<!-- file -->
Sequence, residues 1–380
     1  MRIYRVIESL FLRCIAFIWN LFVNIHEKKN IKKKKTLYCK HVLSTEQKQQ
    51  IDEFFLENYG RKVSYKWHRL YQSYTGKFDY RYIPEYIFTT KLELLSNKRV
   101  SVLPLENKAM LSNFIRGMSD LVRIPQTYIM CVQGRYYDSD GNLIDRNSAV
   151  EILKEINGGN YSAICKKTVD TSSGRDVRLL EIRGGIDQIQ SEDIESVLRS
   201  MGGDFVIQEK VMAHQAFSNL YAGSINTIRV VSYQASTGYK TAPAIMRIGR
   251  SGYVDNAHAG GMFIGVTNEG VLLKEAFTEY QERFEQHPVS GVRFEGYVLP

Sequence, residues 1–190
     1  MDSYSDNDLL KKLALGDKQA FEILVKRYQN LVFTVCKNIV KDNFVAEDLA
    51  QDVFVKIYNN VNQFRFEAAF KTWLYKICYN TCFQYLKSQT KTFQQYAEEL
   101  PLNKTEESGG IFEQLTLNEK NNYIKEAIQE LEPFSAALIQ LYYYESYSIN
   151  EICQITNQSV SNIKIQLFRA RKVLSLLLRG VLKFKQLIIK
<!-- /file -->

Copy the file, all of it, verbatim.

Sequence, residues 1–380
     1  MRIYRVIESL FLRCIAFIWN LFVNIHEKKN IKKKKTLYCK HVLSTEQKQQ
    51  IDEFFLENYG RKVSYKWHRL YQSYTGKFDY RYIPEYIFTT KLELLSNKRV
   101  SVLPLENKAM LSNFIRGMSD LVRIPQTYIM CVQGRYYDSD GNLIDRNSAV
   151  EILKEINGGN YSAICKKTVD TSSGRDVRLL EIRGGIDQIQ SEDIESVLRS
   201  MGGDFVIQEK VMAHQAFSNL YAGSINTIRV VSYQASTGYK TAPAIMRIGR
   251  SGYVDNAHAG GMFIGVTNEG VLLKEAFTEY QERFEQHPVS GVRFEGYVLP

Sequence, residues 1–190
     1  MDSYSDNDLL KKLALGDKQA FEILVKRYQN LVFTVCKNIV KDNFVAEDLA
    51  QDVFVKIYNN VNQFRFEAAF KTWLYKICYN TCFQYLKSQT KTFQQYAEEL
   101  PLNKTEESGG IFEQLTLNEK NNYIKEAIQE LEPFSAALIQ LYYYESYSIN
   151  EICQITNQSV SNIKIQLFRA RKVLSLLLRG VLKFKQLIIK